Atmospheric change, plant water status and the origins of agriculture

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The genesis of agricultural practice marks one of the most important events in human history. Low atmospheric CO2 has previously been shown to limit the productivity of the wild progenitors of C3 and C4 founder crops, in part due to the direct effect of reduced CO2 availability on photosynthesis. In this study, Cunniff et al. investigate the indirect role of low CO2 on biomass limitation mediated via plant water status in cereal crops.

Changes in daily transpiration at the leaf scale in C4 species
Changes in daily transpiration at the leaf scale (Eleaf) in the C4 species (A) P. miliaceum and (B) S. viridis and the C3 species (C) H. spontaneum and (D) T. boeoticum, over a 3-d drying cycle (D1–D3). Plants were grown at pCO2 of 18 Pa (closed symbols) and 27 Pa (open symbols). Data are means ± s.e. of four replicates. Significance codes are ***P < 0·001, **P < 0·01, and *P < 0·05, n.s = not significant. Values of Eleaf are set to a different scale for the C3 and C4 species.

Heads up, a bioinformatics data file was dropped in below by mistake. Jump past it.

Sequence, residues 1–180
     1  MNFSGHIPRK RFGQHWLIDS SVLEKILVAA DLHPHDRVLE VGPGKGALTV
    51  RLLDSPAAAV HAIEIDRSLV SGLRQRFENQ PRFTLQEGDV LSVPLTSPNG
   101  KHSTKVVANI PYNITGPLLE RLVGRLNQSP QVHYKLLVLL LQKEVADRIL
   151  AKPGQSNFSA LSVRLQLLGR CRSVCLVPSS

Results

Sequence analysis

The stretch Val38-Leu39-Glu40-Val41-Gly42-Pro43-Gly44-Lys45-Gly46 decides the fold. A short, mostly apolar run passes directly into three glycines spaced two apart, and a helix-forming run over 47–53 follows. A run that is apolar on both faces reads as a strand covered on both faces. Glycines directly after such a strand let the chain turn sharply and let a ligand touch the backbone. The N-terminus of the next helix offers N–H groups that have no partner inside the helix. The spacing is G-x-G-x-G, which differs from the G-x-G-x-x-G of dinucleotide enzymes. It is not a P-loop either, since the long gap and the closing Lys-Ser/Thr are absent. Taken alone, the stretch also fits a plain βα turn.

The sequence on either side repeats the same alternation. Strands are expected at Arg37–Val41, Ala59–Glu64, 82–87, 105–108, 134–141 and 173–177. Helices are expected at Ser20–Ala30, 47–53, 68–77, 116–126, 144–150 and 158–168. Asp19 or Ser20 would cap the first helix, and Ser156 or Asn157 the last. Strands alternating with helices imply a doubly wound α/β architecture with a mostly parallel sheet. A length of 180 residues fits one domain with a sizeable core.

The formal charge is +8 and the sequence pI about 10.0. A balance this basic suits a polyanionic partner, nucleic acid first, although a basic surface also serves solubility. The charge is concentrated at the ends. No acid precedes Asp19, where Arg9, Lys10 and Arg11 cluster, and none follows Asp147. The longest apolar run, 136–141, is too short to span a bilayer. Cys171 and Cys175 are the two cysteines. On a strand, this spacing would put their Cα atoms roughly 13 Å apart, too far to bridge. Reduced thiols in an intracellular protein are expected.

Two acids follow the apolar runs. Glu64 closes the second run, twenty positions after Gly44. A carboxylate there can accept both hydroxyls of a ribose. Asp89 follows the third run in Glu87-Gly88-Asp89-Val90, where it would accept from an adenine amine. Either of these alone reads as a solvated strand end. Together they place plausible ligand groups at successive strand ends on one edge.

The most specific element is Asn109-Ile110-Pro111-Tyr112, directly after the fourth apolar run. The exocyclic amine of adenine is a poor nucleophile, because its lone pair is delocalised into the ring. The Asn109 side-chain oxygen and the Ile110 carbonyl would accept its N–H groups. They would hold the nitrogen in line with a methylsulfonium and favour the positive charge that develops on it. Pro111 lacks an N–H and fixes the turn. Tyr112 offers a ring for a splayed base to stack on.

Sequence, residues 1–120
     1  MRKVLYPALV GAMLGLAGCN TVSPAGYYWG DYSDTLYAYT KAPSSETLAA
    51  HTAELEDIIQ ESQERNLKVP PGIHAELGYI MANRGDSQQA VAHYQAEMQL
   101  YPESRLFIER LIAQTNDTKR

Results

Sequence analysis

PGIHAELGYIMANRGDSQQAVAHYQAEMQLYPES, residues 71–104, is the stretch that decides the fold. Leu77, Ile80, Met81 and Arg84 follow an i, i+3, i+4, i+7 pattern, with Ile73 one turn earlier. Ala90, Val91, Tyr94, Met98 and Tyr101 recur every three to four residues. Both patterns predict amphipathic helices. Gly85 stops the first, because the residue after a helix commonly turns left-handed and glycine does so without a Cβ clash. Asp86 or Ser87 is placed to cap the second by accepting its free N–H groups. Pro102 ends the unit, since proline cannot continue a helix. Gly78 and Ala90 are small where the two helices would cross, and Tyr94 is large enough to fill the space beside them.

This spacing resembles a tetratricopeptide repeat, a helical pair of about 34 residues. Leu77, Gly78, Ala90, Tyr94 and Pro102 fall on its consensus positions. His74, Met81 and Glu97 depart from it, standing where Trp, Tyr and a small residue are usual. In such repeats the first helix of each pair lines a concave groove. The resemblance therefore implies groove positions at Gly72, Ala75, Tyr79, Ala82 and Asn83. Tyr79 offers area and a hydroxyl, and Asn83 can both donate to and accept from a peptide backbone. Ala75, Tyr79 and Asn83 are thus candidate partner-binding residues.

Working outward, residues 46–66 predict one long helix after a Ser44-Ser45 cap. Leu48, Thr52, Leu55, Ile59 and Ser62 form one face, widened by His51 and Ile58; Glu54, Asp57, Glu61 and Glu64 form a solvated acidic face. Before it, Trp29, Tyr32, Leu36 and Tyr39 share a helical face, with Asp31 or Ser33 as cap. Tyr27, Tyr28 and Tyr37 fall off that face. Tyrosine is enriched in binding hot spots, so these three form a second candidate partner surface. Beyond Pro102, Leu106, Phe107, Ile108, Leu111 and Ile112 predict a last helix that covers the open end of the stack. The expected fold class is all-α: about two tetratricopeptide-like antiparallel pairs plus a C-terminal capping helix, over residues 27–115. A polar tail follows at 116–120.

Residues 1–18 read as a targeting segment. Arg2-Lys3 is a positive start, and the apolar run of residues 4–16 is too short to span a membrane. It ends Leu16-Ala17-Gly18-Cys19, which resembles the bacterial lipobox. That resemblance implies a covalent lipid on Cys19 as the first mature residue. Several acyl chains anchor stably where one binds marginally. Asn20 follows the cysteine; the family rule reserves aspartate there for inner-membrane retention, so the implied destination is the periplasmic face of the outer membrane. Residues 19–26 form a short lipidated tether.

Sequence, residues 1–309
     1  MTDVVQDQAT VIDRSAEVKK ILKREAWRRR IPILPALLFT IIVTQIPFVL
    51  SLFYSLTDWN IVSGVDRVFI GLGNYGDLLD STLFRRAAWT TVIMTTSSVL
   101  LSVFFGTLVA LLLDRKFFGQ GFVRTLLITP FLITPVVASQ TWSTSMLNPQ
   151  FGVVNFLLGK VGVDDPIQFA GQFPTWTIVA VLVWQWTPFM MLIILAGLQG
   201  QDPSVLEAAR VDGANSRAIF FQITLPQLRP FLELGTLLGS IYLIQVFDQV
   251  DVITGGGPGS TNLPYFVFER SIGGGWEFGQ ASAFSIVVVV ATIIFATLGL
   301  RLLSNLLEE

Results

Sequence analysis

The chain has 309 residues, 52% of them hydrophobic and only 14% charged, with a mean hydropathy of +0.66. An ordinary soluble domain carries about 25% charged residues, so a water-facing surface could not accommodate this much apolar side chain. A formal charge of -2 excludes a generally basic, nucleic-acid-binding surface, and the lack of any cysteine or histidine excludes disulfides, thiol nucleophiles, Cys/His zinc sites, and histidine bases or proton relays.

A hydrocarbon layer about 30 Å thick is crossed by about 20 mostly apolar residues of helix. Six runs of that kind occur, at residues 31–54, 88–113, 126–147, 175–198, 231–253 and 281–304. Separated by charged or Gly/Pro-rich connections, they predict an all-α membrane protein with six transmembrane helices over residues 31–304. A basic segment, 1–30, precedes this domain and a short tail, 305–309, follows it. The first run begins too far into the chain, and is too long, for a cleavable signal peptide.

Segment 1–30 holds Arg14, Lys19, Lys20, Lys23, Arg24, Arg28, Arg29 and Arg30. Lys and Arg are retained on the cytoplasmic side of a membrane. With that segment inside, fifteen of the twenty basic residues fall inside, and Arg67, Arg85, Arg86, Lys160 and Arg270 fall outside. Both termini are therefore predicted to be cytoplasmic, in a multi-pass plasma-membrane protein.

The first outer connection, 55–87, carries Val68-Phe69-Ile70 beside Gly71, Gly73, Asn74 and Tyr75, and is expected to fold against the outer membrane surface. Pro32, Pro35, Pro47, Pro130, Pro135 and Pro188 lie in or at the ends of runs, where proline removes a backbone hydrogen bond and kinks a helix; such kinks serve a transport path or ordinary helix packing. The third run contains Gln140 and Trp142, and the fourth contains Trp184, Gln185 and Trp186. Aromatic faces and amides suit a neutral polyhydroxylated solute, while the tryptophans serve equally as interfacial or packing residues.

They find that reduced plant water status caused a negative feedback on stomatal aperture in plants at glacial CO2, thereby reducing photosynthesis. These indirect effects were stronger in the C4 species.

Reference

Jennifer Cunniff, Michael Charles, Glynis Jones, Colin P. Osborne, 2016, ' Reduced plant water status under sub-ambient p CO 2 limits plant productivity in the wild progenitors of C 3 and C 4 cereals ', Annals of Botany, vol. 118, no. 6, pp. 1163-1173 http://dx.doi.org/10.1093/aob/mcw165


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